BBC News amplifies a false story of the ‘dark Israel’ genre

On July 12th the BBC News website’s Middle East page ran an article headlined “Israel army names new chief rabbi criticised over rape comments” which opened by informing readers that:Chief Rabbi art

“Israel’s military has nominated a new chief rabbi criticised for remarks he made in the past that seemed to condone the rape of non-Jewish women in war.

In an answer to a religious website in 2002, Rabbi Colonel Eyal Karim implied that such an act was permissible.”

The link in that second paragraph directs BBC audiences to the English language version of an article published by Yediot Aharonot in Hebrew on its Ynet website, as well as in print, on the day that this BBC News article appeared.

As the respected media watchdog website ‘The Seventh Eye’ showed on the same day, Yediot Aharonot’s story – including the alleged ‘quotes’ it promotes – is false.

The BBC has enough Hebrew speakers working in its Jerusalem bureau to have been able to determine that amplification of Yediot Aharonot’s false claims is not in line with the BBC’s professed standards of accuracy and that is perhaps why the subsequent paragraph read as follows:

“He [Rabbi Karim]  clarified in 2012 that his words had been taken out of context and that rape was forbidden “in any situation”.”

Nevertheless, the next 96 words of the article were devoted to the amplification of vacuous reactions to the non-story which were lifted directly from the linked Ynet article.chief rabbi art on hp

“But his appointment, which requires the defence minister’s approval, was condemned by a top female politician.

Zehava Galon, leader of the Meretz party, described Rabbi Karim as “not suitable to represent Jewish morality in any way whatsoever”.

“His appalling, racist and violent statement makes women fair game,” she added.

The head of the Israeli parliament’s Committee on the Status of Women and Gender Equality, Aida Touma-Sliman of the Joint Arab List, said: “Col Karim’s ruling on permitting raping non-Jewish women is similar to the fatwa of a murderous organisation that’s not so far from Israel’s borders.””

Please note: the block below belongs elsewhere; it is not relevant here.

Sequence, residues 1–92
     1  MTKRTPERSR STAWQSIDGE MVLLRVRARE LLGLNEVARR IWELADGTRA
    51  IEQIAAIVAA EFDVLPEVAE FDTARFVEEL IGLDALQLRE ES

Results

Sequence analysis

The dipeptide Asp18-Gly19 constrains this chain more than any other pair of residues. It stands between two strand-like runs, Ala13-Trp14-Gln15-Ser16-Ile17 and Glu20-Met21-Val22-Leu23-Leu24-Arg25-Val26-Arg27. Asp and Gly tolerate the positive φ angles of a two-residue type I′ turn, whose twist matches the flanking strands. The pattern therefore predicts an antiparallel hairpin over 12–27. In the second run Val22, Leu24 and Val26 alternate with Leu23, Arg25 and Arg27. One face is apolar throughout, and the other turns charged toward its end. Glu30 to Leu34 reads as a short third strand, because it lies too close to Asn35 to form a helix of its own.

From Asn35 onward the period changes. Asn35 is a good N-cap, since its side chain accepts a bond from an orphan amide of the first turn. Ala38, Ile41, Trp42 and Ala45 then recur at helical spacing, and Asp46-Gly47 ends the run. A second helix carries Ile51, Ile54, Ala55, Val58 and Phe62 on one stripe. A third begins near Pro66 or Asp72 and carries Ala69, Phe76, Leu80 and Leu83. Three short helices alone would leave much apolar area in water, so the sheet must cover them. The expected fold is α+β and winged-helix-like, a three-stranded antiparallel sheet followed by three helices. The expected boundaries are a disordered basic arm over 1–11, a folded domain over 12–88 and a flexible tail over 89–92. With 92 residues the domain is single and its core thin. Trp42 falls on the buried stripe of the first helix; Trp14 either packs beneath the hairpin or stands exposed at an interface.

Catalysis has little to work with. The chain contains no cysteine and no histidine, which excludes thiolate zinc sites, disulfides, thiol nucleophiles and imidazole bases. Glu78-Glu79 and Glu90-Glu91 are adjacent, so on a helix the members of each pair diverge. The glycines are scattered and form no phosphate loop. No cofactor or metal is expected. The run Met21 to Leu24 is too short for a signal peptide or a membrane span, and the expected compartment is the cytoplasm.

That was followed by a response from the IDF.

So what was the point of the BBC’s amplification of this second-hand non-story? Obviously it certainly wasn’t to report news or contribute to audiences’ “understanding of international issues” because the ‘news’ is false and the issue non-existent.

Rather, this is yet another BBC report belonging to the ‘dark Israel’ genre: the succession of stories which – often with little or no regard for accuracy – paint a portrait of a country parting ways with democracy that is rife with racism, sexism, xenophobia, government censorship and more.  

The publication of articles such as this of course does nothing to support the BBC’s claim that its reporting from Israel reporting is “impartial” and professional. 

Which country is absent from the BBC’s list of international aid efforts in the Philippines?

On November 10th a lead team of experts in search & rescue and medicine from the IDF’s Home Front Command left Israel and travelled the 6,000 miles to the typhoon-stricken Philippines in order to assess the needs of the local population.

On the basis of that lead team’s assessments, a delegation set out for the Philippines on the morning of November 13th. In addition to around 100 tons of humanitarian aid and medical supplies, the mission includes 150 team members from the IDF Home Front Command’s Search & Rescue Unit and from the IDF Medical Corps. A field hospital is being set up and live updates are available here and here

IDF mission to Philippines

Among the BBC’s coverage of the disaster appearing on the homepage of its website is an article from November 13th titled “Typhoon Haiyan: UK’s Philippines appeal raises £13m“.

The article includes a side-box headed “Aid From Around the World”, another version of which also appears in this report and in this one. As readers can see for themselves, one country’s contribution – already present on the ground – is absent from that list. 

Aid from around the world

BBC WS programme on women in military combat roles ignores one country

The synopsis of a BBC World Service radio programme titled “Women on the Frontline” which was broadcast on October 22nd 2013 informs audiences that its presenter Emma Barnett:

“…examines which countries in the world do allow women to serve, and contrasts the experiences of these three women to present a picture of life for women on the military front line.” [emphasis added]

Women on the Frontline BBC WS

Whilst the list of countries in which women serve in combat roles as provided by Barnett is extensive and numbers some fourteen states, the only country in which women are conscripted and in which 92% of positions are open to them is excluded from her list.